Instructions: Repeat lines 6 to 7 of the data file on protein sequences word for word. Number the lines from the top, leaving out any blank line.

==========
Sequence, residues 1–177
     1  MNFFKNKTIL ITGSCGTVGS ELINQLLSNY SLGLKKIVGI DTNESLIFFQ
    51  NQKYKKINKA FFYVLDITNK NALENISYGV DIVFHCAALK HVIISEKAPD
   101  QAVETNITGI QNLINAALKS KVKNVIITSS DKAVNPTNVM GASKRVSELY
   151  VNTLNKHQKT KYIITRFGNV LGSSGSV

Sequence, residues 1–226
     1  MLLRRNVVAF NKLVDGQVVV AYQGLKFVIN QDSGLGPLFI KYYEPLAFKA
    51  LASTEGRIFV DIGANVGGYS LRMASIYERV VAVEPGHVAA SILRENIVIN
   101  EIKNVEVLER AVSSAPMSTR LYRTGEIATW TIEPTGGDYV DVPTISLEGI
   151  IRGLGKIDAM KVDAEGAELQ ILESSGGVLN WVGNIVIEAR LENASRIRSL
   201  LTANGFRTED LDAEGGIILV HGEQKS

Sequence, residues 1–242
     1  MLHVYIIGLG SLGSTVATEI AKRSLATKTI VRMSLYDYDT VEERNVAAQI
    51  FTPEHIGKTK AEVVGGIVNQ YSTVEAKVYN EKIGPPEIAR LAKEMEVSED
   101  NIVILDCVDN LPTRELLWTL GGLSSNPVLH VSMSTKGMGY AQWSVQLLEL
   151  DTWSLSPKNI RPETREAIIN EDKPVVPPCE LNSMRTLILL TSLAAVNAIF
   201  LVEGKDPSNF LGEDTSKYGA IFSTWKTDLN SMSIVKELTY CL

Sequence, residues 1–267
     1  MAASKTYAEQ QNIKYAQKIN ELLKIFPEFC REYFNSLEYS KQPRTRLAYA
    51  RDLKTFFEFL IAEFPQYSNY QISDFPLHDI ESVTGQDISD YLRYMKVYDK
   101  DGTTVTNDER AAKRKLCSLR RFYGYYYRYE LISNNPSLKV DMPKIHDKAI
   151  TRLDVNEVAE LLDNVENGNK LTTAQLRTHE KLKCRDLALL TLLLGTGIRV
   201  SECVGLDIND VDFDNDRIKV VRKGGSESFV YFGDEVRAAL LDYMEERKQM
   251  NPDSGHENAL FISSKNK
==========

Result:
Sequence, residues 1–226
     1  MLLRRNVVAF NKLVDGQVVV AYQGLKFVIN QDSGLGPLFI KYYEPLAFKA